March 2, 2024

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Revolutionary Discovery: Carbapenem-Resistant Plasmids Break Boundaries

Revolutionary Discovery: Carbapenem-Resistant Plasmids Break Boundaries



Revolutionary Discovery: Carbapenem-Resistant Plasmids Break Boundaries, Challenging Conventional Wisdom in Antibiotic Resistance Transmission

Carbapenem-resistant plasmids can shuttle extensively between Gram-negative and Gram-positive bacteria.

Carbapenems, a class of antibiotics known for their broad spectrum and potent activity, are hailed as the “last line of defense” against bacterial infections in humans.

However, since 2009, a global spread of bacteria resistant to carbapenems, driven by the New Delhi metallo-β-lactamase (NDM) gene (blaNDM), has been observed on a large scale.

Statistics reveal that in 2019 alone, infections caused by carbapenem-resistant pathogens, such as Acinetobacter baumannii and Klebsiella pneumoniae, resulted in 50,000 to 100,000 deaths worldwide. Yet, scientists have limited knowledge about the horizontal transfer of such resistance genes within complex bacterial communities.

Recently, a groundbreaking study led by Shungui Zhou from Fujian Agriculture and Forestry University and Timothy R Walsh from the University of Oxford was published in the prestigious journal “The Lancet Microbe.”

The research uncovered that the plasmid carrying the NDM-5 gene (pX3_NDM-5) has a broad host range, capable of transferring among up to 16 bacterial phyla, challenging the previously held belief of a narrow host range. They confirmed that Gram-negative bacteria can transfer pX3_NDM-5 to Gram-positive bacteria, and the plasmid can revert to Gram-negative bacteria. Additionally, Enterococcus faecalis serves as a natural shuttle carrier for the widespread dissemination of pX3_NDM-5 plasmids.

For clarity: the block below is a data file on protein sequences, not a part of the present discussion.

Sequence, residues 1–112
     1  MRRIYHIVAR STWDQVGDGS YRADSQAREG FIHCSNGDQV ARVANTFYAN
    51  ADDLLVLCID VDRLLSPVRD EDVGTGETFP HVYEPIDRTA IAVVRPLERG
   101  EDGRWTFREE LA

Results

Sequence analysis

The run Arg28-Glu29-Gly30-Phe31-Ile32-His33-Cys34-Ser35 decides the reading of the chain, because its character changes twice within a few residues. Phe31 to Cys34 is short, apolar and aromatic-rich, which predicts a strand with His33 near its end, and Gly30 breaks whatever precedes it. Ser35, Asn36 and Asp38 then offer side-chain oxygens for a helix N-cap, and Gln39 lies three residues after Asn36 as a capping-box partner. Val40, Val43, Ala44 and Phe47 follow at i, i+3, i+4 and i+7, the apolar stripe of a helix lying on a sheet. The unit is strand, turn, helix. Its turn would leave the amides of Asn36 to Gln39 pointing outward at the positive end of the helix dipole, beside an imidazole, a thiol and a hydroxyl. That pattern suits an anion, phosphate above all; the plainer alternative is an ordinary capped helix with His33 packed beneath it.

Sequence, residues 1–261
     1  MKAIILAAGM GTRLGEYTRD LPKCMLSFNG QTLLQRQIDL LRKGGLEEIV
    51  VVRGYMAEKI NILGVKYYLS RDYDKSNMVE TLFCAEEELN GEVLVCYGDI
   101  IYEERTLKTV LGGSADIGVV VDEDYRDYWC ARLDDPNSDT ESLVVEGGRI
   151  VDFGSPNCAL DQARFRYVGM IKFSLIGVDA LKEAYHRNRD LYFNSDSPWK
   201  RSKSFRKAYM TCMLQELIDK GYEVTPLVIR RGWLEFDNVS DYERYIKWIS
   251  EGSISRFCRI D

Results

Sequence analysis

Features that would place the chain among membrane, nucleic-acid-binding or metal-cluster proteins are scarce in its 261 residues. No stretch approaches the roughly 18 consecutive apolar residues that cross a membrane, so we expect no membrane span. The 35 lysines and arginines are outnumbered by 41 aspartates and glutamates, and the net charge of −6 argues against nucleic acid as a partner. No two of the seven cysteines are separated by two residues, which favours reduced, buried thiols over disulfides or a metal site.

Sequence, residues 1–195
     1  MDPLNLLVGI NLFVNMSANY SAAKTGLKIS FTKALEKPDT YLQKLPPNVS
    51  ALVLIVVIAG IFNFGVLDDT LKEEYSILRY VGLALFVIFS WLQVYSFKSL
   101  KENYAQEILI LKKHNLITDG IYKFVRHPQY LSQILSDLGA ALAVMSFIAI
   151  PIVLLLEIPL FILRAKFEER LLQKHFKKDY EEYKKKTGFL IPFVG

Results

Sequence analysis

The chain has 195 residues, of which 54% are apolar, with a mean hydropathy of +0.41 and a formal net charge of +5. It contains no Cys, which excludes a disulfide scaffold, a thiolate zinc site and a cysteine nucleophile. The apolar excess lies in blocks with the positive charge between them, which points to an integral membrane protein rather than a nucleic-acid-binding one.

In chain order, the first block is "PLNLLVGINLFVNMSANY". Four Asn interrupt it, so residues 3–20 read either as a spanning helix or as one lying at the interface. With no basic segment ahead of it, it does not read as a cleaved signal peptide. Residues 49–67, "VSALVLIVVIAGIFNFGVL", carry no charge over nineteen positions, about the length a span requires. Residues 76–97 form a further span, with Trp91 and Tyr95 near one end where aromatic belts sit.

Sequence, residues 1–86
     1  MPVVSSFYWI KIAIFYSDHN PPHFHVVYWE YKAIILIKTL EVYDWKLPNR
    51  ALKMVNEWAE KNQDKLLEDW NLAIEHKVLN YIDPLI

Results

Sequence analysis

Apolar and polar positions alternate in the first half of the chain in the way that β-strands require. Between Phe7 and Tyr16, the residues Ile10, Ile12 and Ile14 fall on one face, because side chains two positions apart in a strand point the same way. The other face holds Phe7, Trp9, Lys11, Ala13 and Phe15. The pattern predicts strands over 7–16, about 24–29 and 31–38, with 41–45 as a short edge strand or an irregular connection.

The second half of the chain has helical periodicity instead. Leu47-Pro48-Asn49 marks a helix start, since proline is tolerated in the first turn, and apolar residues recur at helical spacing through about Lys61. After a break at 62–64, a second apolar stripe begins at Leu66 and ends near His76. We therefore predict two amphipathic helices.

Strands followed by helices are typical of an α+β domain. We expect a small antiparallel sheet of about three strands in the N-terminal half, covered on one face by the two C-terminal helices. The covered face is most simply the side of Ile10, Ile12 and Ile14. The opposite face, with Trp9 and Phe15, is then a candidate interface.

Revolutionary Discovery: Carbapenem-Resistant Plasmids Break Boundaries, Challenging Conventional Wisdom in Antibiotic Resistance Transmission

This study not only validates pX3_NDM-5 as a plasmid with a broad host range for the first time but also challenges the traditional notion that clinical important plasmids are rarely exchanged between Gram-negative and Gram-positive bacteria. The first author of the paper is Qiaoe Yang from Fujian Agriculture and Forestry University.

To investigate the spread of the antibiotic-resistant plasmid pX3_NDM-5 in natural bacterial communities, Zhou’s team developed a dual-fluorescence labeling method. They used green fluorescent protein (GFP) to label pX3_NDM-5 and red fluorescent protein (mCherry) to label donor Escherichia coli (Gram-negative). This way, whenever pX3_NDM-5 entered a bacterial host, that bacterium emitted green fluorescence.

Subsequently, the team isolated 86 bacteria from the sewage treatment plant of Fujian Maternity and Child Health Hospital, including 39 Gram-positive bacteria and 47 Gram-negative bacteria. They co-cultured E. coli carrying pX3_NDM-5 with these isolated bacteria under conditions with or without NaClO.